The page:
Mike Bogle sent a tweet last week asking for some examples of educational blogging on UMW Blogs. I didn’t respond, and he probably thought I was ignoring him, but the bava never ignores, rather it absorbs. And given that one of the things I came away from this year’s Faculty Academy with is a renewed commitment to featuring the work happening around UMW Blogs, Mike’s request provides the perfect opportunity to get that project underway—and I hope it proves both timely and useful. Here is part 1 of a 4 part series, each featuring five blogs from around UMW Blogs.
Jeff McClurken’s “Adventures in Digital History”
This seminar is the second iteration of an experiment in integrating History and New Media at the undergraduate level (see the first here), and McClurken’s work stands as a flagship example of developing and integrating digital fluency into the curriculum at UMW that provides a powerful example of collaborative, undergraduate-fueled digital scholarship that speaks directly to the immediate community of Fredericksburg and beyond. And such an example also goes to illustrate how public funds can provide an open and available public good.
The students work in groups focusing on the creation of digital history projects, all of which are related to making local resources available online. For some examples of student projects see here, here, here, and here.
Mara Scanlon’s Women in Modern Literature, or Gynomod
To quote Tom Woodward, Gynomod seems as much like a rock concert as a course, and I really don’t think there is any better way to put it. Not only does the course have its own t-shirts (pictured right), but the work students are doing on this group blog is phenomenal. Scanlon frames this course blog as follows:
How would our understanding of a college course change if, instead of taking individual performance and competitive practice as paradigmatic, we were to conceive of our learning instead primarily collaboratively? And what if collaborative knowledge-building, often seen as having secondary or marginal status, were given a central role in our study of the literary works of modernist women? We must think of this site as a vital piece of that collaborative practice, a fluid record of our accumulating knowledge and a place for the active exchange of ideas.
Melanie Szulczewski’s Examination of Global Environmental Problems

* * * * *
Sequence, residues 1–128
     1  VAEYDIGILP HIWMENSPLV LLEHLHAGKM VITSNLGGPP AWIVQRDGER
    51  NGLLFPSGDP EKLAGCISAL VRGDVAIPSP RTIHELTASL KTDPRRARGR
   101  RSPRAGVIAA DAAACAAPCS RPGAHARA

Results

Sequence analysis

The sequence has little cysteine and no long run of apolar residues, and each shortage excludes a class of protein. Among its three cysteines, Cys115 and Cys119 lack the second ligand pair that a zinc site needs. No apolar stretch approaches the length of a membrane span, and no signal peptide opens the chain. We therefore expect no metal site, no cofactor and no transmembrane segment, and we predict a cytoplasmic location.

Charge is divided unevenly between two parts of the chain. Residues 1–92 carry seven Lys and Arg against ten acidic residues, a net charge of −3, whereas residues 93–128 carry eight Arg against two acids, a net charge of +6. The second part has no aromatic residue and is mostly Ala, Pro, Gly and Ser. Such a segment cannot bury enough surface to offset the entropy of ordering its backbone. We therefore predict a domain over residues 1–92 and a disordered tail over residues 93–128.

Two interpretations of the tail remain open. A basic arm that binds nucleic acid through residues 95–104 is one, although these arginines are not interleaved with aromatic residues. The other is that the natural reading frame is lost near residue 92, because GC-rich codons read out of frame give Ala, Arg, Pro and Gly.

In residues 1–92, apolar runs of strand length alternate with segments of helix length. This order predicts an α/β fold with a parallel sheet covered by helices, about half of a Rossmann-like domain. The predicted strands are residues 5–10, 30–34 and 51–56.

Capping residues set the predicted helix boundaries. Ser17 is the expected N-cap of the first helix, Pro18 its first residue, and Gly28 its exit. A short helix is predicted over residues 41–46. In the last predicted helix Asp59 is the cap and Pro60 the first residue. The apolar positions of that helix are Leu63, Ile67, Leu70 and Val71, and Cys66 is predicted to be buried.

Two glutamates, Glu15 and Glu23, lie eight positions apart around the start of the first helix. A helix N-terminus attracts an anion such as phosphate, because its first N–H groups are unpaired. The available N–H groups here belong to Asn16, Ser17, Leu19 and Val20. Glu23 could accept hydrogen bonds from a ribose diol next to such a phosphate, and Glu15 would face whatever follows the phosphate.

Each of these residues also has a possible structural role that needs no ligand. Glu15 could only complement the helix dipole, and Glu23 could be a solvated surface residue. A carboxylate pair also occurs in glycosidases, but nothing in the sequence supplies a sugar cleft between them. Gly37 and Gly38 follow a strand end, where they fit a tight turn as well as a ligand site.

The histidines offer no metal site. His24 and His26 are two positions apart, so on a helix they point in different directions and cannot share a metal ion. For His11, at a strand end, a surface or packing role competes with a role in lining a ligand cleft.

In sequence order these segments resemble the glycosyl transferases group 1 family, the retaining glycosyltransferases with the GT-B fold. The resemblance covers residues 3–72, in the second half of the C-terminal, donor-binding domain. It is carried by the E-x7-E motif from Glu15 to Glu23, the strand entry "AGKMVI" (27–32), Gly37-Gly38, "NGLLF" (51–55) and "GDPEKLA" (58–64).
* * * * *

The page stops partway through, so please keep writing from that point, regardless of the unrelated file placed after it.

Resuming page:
This is an aggregated course blog that is pulling in all the students’ posts from their various individual blogs using a consistent tag (which is “envproblems” in this case). So the course blog really acts as hub for all the posts, and a click on any title leads you back to a student’s post on their own blog. What is remarkable about this course, which Szulczewski made beautifully apparent in her presentation at Faculty Academy, was how the blogs became sites of action for her students, becoming spaces where they increasingly focused their concerns about the environment—through extended comment conversations with one another about their views, ideas, and ultimately choices—into action. Their blogs were not only places for reflection, but an active engagement with the immediacy of the problems facing the environment and what they can do about it. Check out some excellent example of this here and here.
Steve Greenlaw’s Finanical Crisis
I’ll let Martha Burtis’s write-up of this one do the talking:
During the spring 2009 semester, Steve Greenlaw’s international finance students did more than just study the current financial crisis — they created a persistent online resource about the global recession. Students carefully studied and analyzed the international crisis and decided they wanted to build a Web site that shed light on the reasons behind the meltdown and the ongoing events surrounding it. Greenlaw and the students developed a structure for their analysis and presentation and then spent the spring and summer publishing and updating their findings. In addition to sections on the site that examine the intricacies of everything from the subprime mortgage market to the government bailout, students created a timeline of events and developed a robust bibliography of references.
Claudia Emerson’s Ethershop
Ethershop is actually a super-blog, meaning it is an aggregation of four different class blogs over the course of four years, dating back to 2006. You can find the original course blogs in the sidebar, and this site actually brings in two reviews of a book of poetry each student was asked to write as part of their Poetry Workshop course. The assignment asks each of them to write about a book of poetry they enjoyed, and layout why in the form of a review. What has happened, 140 reviews later, is that this site has become a popular destination in the open web for people searching for various books of poetry, and more times than not this site provides review for rather obscure books, and the authors of these books have on several occasion let Prof. Emerson know how much they appreciate this project. What’s also cool about this is that it isn’t the “whole course online” idea (which often becomes an either/or formulation), but rather one particular assignment made public as a wider resource for the world of poetry.